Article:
VANCOUVER - For Maya Charnell, and others who claim they were "tortured" as children in the Hare Krishna religious cult, the road to justice started on the Internet.
Ms. Charnell, who lives in a small British Columbia town, is one of four Canadians in a group of 44 former Krishna students who have banded together to launch a US$400-million lawsuit against the International Society of Krishna Consciousness.
She said it was only through the Internet that the group, known as Children of ISKON, was able to get in touch and organize its legal action.
"We were able to get in contact through a Web page we set up," said Ms. Charnell, who was raised for 10 years in the insular International Society of Krishna Consciousness, which is called ISKON.
"That was the way we found each other, and people started to share their stories [of abuse]," said Ms. Charnell, who, like other children, was separated from her parents and sent to Krishna boarding schools known as gurukulas.
"I think this is only the tip of the iceberg," she said of the 44 who have come forward so far. "I think there are a lot more out there who are going to come forward now that it's become so public."
Two gurukulas were in Canada, but have been closed for several years. The majority of the schools -- where widespread physical and sexual abuse allegedly took place -- were located in the United States and India.
Ms. Charnell spent time at schools in Seattle, Wash., and Dallas, Tex. Those schools are the focus of a lawsuit launched earlier this week by the former Krishna students.
Four of those who have filed claims come from British Columbia. The lawsuit, which was filed in Dallas, alleges abuse of children, as young as three.
The plaintiffs' lawyer, Windle Turley, called the abuse "the most unthinkable abuse and maltreatment of little children we have seen. It includes rape, sexual abuse, physical torture and emotional terror of children."
He said the organization knowingly allowed suspected sex offenders to work in gurukulas, and that young girls were sometimes given "as brides" to older men who donated financially to the society.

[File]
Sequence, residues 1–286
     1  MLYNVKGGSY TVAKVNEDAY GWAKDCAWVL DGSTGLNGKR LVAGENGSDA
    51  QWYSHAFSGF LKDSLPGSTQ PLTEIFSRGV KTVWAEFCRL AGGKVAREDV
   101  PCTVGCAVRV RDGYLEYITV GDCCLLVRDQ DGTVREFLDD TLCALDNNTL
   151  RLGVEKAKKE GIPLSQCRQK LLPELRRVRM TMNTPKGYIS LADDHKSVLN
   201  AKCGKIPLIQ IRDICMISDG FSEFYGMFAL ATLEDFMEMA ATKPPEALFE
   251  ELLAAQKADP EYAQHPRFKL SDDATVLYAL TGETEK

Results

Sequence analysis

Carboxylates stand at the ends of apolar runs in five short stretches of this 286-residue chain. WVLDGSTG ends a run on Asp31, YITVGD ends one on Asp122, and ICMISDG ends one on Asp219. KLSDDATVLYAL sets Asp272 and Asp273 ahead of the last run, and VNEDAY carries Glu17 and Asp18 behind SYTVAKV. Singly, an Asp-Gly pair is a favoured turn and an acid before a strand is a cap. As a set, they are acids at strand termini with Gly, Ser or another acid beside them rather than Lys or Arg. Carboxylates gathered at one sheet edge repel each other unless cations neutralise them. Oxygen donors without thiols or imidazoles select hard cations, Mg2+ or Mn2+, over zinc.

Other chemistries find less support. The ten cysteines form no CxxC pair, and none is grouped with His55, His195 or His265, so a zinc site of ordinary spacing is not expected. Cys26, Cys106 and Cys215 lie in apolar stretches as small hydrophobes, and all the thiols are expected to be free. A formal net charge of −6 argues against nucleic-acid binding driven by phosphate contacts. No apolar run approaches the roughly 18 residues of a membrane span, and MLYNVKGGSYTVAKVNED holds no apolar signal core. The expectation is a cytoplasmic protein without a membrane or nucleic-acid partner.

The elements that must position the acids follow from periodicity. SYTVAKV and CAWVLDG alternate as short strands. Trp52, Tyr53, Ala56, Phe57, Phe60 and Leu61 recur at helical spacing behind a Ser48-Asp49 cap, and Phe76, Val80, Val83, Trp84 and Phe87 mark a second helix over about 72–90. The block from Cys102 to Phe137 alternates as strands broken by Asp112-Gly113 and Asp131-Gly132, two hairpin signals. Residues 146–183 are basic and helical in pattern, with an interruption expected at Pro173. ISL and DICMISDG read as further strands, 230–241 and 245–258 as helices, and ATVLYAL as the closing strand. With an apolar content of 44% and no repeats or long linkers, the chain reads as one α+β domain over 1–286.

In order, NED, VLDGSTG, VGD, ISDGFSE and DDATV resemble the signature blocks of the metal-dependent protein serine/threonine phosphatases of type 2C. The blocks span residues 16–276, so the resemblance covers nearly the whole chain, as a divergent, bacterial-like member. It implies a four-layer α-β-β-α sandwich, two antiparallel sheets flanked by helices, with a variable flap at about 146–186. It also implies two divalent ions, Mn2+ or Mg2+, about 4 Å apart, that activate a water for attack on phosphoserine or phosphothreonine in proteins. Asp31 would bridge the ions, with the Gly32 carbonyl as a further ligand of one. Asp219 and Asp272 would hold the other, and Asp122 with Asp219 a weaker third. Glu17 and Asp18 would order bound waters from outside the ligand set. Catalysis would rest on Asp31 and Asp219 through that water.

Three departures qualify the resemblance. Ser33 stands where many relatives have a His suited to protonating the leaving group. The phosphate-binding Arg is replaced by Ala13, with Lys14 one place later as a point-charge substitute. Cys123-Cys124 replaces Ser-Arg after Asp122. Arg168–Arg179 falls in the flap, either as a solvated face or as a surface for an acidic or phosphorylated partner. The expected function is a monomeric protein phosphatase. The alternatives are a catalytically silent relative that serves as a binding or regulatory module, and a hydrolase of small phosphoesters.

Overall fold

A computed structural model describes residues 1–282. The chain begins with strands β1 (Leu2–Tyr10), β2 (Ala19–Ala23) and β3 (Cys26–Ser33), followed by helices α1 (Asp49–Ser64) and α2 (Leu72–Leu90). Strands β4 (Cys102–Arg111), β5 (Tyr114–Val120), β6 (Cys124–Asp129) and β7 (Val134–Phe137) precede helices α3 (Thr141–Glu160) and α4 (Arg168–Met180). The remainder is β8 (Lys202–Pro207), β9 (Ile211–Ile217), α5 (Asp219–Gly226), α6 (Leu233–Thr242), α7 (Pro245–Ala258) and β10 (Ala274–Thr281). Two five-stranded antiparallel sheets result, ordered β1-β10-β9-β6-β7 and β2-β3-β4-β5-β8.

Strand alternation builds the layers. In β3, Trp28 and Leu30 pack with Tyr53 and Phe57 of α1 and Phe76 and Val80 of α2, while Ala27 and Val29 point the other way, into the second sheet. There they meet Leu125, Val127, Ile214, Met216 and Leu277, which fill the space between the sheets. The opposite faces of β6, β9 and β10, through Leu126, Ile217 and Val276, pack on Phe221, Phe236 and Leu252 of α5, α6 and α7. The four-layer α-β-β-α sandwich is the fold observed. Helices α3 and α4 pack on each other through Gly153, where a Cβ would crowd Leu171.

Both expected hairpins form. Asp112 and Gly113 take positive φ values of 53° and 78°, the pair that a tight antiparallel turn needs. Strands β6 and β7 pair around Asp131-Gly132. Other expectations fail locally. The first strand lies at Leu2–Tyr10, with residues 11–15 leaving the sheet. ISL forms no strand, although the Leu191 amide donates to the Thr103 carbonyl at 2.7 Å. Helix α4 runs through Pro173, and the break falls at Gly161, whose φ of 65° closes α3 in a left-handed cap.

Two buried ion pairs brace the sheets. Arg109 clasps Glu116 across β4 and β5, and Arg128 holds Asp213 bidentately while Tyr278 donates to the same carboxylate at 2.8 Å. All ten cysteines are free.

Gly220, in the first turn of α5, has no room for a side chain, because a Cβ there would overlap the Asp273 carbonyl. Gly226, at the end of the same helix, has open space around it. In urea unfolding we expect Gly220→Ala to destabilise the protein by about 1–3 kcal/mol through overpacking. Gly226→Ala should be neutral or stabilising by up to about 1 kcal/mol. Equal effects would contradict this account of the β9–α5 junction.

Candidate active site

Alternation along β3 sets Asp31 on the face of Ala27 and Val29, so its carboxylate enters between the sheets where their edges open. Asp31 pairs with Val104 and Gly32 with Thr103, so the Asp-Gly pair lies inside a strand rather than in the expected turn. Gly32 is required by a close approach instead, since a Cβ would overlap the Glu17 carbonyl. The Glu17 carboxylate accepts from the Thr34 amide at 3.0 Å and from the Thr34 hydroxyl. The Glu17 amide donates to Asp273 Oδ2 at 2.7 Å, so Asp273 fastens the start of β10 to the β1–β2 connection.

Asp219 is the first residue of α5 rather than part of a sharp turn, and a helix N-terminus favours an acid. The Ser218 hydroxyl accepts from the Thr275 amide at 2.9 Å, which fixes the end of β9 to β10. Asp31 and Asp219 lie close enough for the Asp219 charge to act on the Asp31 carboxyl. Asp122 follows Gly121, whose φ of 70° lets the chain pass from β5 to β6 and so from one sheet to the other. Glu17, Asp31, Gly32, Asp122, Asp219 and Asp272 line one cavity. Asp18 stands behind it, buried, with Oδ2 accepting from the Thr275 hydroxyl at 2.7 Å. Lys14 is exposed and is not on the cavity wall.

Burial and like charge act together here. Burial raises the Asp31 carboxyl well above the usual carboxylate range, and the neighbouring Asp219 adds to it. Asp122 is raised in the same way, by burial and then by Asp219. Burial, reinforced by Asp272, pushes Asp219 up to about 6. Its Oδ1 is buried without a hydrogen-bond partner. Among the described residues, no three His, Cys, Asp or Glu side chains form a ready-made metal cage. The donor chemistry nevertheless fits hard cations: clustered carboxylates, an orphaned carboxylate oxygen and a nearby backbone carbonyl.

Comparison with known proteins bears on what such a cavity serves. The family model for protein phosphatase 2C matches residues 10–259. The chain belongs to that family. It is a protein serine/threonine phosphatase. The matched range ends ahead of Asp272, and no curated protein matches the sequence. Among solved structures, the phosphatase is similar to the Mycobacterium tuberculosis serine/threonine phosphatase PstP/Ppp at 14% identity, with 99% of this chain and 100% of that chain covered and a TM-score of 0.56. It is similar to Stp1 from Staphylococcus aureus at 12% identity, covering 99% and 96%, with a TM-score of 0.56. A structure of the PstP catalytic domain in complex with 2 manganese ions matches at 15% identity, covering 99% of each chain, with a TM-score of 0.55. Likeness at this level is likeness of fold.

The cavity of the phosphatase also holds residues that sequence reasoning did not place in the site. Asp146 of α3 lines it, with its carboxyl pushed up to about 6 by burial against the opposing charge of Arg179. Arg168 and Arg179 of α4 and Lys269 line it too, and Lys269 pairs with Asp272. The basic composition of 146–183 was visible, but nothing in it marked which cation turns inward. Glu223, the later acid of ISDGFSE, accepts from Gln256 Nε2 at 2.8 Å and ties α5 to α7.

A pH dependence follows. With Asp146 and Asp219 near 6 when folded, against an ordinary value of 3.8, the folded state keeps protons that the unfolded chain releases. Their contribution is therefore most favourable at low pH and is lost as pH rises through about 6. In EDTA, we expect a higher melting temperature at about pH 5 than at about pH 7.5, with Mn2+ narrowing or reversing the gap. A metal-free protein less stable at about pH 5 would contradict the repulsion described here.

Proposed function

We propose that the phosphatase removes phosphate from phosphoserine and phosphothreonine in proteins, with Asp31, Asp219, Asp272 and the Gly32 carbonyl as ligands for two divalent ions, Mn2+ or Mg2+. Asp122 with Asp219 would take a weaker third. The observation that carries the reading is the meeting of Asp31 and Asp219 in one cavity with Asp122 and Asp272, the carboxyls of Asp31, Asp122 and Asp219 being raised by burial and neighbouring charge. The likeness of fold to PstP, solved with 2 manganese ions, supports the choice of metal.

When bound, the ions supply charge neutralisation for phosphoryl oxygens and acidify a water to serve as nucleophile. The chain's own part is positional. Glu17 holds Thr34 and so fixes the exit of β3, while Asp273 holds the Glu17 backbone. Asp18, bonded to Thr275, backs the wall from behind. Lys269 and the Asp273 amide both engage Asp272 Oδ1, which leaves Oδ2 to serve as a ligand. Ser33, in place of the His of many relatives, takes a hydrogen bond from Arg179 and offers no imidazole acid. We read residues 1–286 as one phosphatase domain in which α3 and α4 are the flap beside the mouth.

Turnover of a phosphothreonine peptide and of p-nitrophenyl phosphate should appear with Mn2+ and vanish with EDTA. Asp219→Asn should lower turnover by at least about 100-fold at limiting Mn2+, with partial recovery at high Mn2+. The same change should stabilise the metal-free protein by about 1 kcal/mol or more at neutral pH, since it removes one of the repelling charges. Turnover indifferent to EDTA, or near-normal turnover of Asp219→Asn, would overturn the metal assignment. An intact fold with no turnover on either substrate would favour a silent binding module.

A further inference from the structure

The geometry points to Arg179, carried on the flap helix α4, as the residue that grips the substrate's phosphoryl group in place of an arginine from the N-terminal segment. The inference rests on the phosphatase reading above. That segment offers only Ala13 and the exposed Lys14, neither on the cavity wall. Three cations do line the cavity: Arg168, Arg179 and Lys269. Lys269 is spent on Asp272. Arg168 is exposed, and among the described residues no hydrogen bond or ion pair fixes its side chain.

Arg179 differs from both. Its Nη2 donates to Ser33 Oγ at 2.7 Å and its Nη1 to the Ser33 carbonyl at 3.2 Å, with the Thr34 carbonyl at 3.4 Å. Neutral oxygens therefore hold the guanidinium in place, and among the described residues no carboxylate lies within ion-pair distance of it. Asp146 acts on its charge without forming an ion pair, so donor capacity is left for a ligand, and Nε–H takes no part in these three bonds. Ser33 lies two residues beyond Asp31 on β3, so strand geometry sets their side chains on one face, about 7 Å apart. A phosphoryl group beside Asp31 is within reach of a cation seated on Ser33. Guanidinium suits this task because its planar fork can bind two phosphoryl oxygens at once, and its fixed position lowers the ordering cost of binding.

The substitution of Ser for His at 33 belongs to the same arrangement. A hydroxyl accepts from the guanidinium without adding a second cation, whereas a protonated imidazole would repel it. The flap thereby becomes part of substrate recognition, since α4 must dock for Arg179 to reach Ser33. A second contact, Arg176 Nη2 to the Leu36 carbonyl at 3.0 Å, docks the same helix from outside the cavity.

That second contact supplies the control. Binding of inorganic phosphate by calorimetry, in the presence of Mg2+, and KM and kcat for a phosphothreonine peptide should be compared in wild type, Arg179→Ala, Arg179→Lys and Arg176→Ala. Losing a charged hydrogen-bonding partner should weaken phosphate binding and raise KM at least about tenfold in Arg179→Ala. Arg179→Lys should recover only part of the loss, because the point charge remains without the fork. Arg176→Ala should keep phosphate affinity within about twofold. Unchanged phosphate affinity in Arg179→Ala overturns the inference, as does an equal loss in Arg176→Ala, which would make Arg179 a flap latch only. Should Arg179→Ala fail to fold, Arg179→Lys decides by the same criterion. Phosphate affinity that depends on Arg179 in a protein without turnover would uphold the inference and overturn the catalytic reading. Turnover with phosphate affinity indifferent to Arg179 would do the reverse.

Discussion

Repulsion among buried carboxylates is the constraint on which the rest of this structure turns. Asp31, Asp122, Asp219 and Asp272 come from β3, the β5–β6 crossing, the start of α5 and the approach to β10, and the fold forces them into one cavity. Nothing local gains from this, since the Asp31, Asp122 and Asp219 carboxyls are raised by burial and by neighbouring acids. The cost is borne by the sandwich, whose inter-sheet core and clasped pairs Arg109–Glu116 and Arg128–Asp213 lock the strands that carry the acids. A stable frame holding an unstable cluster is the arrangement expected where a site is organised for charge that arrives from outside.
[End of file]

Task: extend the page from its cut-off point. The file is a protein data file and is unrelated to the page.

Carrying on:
The abuse allegedly took place over a period of two decades, and "continues to the present."
"In many instances, the abuse could be accurately described as torture of children," states the complaint, which names ISKON as lead defendant, along with 17 members of the group's governing board and the estate of the movement's founder, A.C. Bhaktivedanta Swami Prabhupada.
One of the defendants, Gopal Khanna, lives in Montreal.
Patricia Flynn, Canadian spokesman for the Krishnas, said in Vancouver the Society acknowledges there was widespread abuse of children in its schools. She said the merits of the suit filed in Texas will have to be decided by the courts, but noted that a Krishna child protection group has already identified 50 people who were victims of abuse.
"They are working with the police ... to bring these people to justice who have hurt children," she said. "We are trying to be pro-active."
Mrs. Flynn also said that all gurukulas have been closed, and children now attending Krishna day schools are monitored by "child protection teams" made up of parents.
Mrs. Flynn said the abuse cases mostly took place decades ago. "Until the children grew up and told us, we didn't know," she said. "We feel very sorry ... it's something we're going to have to deal with," she said.
Mrs. Flynn said sexual predators took advantage of the Krishna organization, as well as victimizing children. And she vowed: "It will not take place again."
There were two gurukulas in Canada -- in Vancouver and Toronto -- but they are not named in the suit.
The Texas complaint alleges a number of offences, including "rape ... beatings of children with boards, branches, clubs and poles ... beating by adult teachers and school leaders with fists to the head and stomach ... Kicking the children into submission."
The court document also alleges children "were sometimes kept in filthy conditions," and at least one group utilized what had recently been a cattle or horse barn for a nursery.
It states that in almost every school "children were kept in severely overcrowded conditions, often forced to sleep shoulder to shoulder on the floor or in small rooms in three-high bunks with 10 or 12 children to each tiny room."
The suit alleges the abuse was made possible because the parents were kept busy soliciting money for the gurus.
Greg Luczyk, 30, a plaintiff, said he was beaten four or five times a day with a two-by-four while in a Krishna school in India in the early 1980s. He said his mother tried to remove him from the school and sent him plane tickets to come home, but teachers would tear up the tickets in front of school assemblies.
"The parents were trying to get us out, but the ring of molesters had tight control," said Mr. Luczyk, who lives in Vancouver.
Examples posted on the victim's Web site, recall beatings, rapes and other assaults.
"One boy in my ashrama had his food saved and then saved again, without refrigeration. The teacher finally became very angry and induced him to eat the portion of food, which by now had mould spots," states one anonymous posting. The writer says when the boy vomited, the teacher forced him to eat that, too.
Another recalled being forced to eat food off the floor.
"I can still remember what the floor in Dallas tasted like," states the posting.
"A female teacher taught an ashrama for young girls. One day she got mad and hit a girl with a tennis racket, breaking the racket over her back," states another.
"I was three-and-a-half little girl, mother away in India, he [a teacher] took me into the boy's shower room, stripped off my clothes and beat me until I was unconscious," writes one.
The Hare Krishna spiritual community flowered in the 1960s when Prabhupada brought his distinctive form of devotional Hinduism to the United States.
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